I haven’t posted anything over the last while because of the arrival of our new baby daughter – I hesitate to use the word ‘bouncing’ in reference to babies, though she’s certainly pretty sturdy. As this is my second (and my wife’s third – the second coming after a long gap), there was a little more joy and less terror than last time, although dealing with our toddler’s confused feelings added a fresh new dimension to the whole deal. If you have one or more kids, you’ll know how Maedhbh and I feel at the moment. If you don’t . . . you should try it, it’s very cool (but still scary).
If you haven’t read my piece about exposing yourself online (I mean your private information, as opposed to showing off your rude bits), I had better explain that I don’t use my kids’ names online, and I don’t show their faces in any pictures that I post. It’s a pretty basic precaution, but one that I stick to, so you’ll excuse me for keeping the new arrival anonymous.
Apart from that dynamite joy/terror combination of having a newborn child, I have discovered anew the degree to which my brain becomes emotional mush. Ever since the birth of our first daughter, I have developed some weird habits. For a start, I have found that I use an overly expressive voice whenever I talk to her (something that, when I was younger, I swore I’d never do) and I tend to say everything twice (Don’t I honey? Daddy says everything twice!).
I have also developed an habitual rocking motion that instinctively kicks in under certain conditions. Normally, it’s if I’m holding the handle of the buggy and I’m standing still for any length of time. This is fine as long as there’s a young child being rocked. It’s a little unsettling when you find yourself standing in a supermarket, rocking the shopping trolley when there’s nothing in it but shopping, because the child’s at home with her mother. Yes, I was rocking the groceries.
It’s not just buggies and trolleys that I feel the need to move. There’s that swaying thing I do, because babies like being on the move. And they know the difference between you standing up and sitting down. Is that an ape thing? They feel more secure when they’re moving around higher up? Is that an instinct? But again, sometimes I find myself doing the swaying when there’s no baby to sway. Now that I have two, the chances of babyless swaying will be thankfully reduced. It’s a rare day that I’m not dealing with one or the other.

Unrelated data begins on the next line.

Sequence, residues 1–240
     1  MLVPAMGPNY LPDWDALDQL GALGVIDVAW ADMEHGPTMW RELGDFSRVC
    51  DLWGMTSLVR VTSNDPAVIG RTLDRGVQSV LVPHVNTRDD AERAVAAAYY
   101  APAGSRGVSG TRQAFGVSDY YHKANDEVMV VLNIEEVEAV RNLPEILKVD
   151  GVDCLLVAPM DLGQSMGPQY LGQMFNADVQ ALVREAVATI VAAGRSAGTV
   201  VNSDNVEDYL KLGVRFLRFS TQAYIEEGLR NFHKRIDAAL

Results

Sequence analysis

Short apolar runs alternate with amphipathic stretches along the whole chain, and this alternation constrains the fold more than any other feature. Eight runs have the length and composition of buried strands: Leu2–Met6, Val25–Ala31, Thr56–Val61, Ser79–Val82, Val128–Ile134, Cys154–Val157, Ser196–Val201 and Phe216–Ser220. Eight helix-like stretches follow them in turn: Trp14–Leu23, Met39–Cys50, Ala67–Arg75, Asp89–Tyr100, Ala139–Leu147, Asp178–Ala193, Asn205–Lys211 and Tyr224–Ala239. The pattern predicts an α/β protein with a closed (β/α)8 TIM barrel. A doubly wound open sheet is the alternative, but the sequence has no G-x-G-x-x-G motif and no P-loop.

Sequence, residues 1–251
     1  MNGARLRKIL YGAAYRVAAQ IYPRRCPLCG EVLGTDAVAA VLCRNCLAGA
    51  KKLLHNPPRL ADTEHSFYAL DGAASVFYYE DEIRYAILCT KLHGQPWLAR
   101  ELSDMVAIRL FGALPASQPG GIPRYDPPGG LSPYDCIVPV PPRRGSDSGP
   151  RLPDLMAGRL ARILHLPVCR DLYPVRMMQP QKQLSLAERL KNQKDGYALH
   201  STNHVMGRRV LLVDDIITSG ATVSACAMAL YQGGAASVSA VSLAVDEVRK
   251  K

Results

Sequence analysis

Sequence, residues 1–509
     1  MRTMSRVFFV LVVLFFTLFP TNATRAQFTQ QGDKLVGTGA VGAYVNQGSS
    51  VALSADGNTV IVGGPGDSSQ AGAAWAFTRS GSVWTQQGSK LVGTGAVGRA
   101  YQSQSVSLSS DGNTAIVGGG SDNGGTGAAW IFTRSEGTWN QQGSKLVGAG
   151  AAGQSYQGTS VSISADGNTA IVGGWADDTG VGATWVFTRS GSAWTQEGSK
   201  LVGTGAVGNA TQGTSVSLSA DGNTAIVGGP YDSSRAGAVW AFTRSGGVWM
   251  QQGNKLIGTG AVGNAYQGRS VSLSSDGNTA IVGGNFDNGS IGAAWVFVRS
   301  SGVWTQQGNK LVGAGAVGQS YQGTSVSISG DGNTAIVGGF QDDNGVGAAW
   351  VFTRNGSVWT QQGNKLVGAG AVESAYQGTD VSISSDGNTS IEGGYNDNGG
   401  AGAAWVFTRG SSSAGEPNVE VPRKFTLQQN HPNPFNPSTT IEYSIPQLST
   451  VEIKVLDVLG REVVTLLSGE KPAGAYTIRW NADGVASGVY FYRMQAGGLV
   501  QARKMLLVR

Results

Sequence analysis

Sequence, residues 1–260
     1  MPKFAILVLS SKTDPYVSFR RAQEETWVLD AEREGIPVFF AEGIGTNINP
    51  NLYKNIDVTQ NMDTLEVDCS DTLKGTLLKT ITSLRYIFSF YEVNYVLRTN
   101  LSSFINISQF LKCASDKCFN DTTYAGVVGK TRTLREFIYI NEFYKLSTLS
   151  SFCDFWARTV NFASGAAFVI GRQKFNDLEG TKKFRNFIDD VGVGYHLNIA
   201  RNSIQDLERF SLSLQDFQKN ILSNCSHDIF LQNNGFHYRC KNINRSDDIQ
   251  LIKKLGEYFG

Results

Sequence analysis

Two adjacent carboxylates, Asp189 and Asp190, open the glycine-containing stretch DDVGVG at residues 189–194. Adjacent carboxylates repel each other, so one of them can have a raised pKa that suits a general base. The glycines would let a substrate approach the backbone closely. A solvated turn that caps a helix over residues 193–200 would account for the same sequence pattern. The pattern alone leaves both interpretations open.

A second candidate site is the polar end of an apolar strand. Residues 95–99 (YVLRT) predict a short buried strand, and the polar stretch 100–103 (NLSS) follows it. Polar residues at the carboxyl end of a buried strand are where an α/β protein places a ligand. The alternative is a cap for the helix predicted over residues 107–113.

There’s other stuff too. I have to keep resisting the urge to say ‘Ta-ta’ instead of ‘thank you’ to strangers who serve me in shops. I keep looking at household objects and wondering how long the laundry basket or a remote control or a pack of wipes would keep her busy for. From the early days of crying fits (the baby, not me), I know the places in the house where I can walk for several strides before having to turn around and walk back the other way (and then back again, many, many times). I know that, now that she can walk, if I put her down in the front garden, the first place she’ll go is straight to the front gates (leading onto a main road) to test them for weaknesses, and the second place is the gate to the back garden, just to be awkward. She is pictured here trying to escape from her granny’s garden.
Our new daughter already has more hair and appears to have less need to vomit than her big sister did at that early age (not a t-shirt was safe, no matter how you tried to cover your shoulder – and don’t get me started about the carpets) – but seems equally curious. And as her sister forces us to move the breakables, swallowables and easily-activated electronics higher and higher up in each room, so we are reminded that all of the daft little habits we had to develop for each of those first stages will have to be woken up and put back into service once more.
All this, just as our boy is hitting the ‘aw, my parents are so embarrassing’ stage.
And strange though it may seem, despite the rocking and the swaying and bouncing and the singing daft songs and putting on the silly voices, and wiping away the vomit, or cleaning up the food mess again, or dealing with the crying that threatens to drive you out of your mind, or running in abject fright after the seemingly self-destructive little stunt-toddler, I’m happy to be a fool for my kids. Because forget being an adrenaline junkie, or a rock-star, or a film-star – being a dad is the biggest buzz. It is the coolest thing in the the world (even more than being a mum – sorry mums, but you have your own perks), and acting the eejit is part of that cool, ‘cos you just don’t care what the world thinks as long as your kids are all right. And not giving a shit is the best cool of all.
There are times when I have doubts about how good a job I’m doing, about whether I’m getting it right, or if there’s something I’m doing that’s going to turn my kids into assholes later in life. There’s no way of knowing, really. That’s just part of being a parent, and even though any parent will tell you the same, it’s hard to accept that it’s just impossible to be sure you’re doing a good job with this, the most important of jobs.
But there are some obvious things I think I’ve avoided. There is one bizarre habit I definitely haven’t developed, and there’s one piece of advice I can offer in the absolute certainty that it will greatly improve your child’s well-being, and it’s this: Don’t let your toddler smoke cigarettes.
And with that little pearl of wisdom, I’ll wind up this post. Talk to you soon.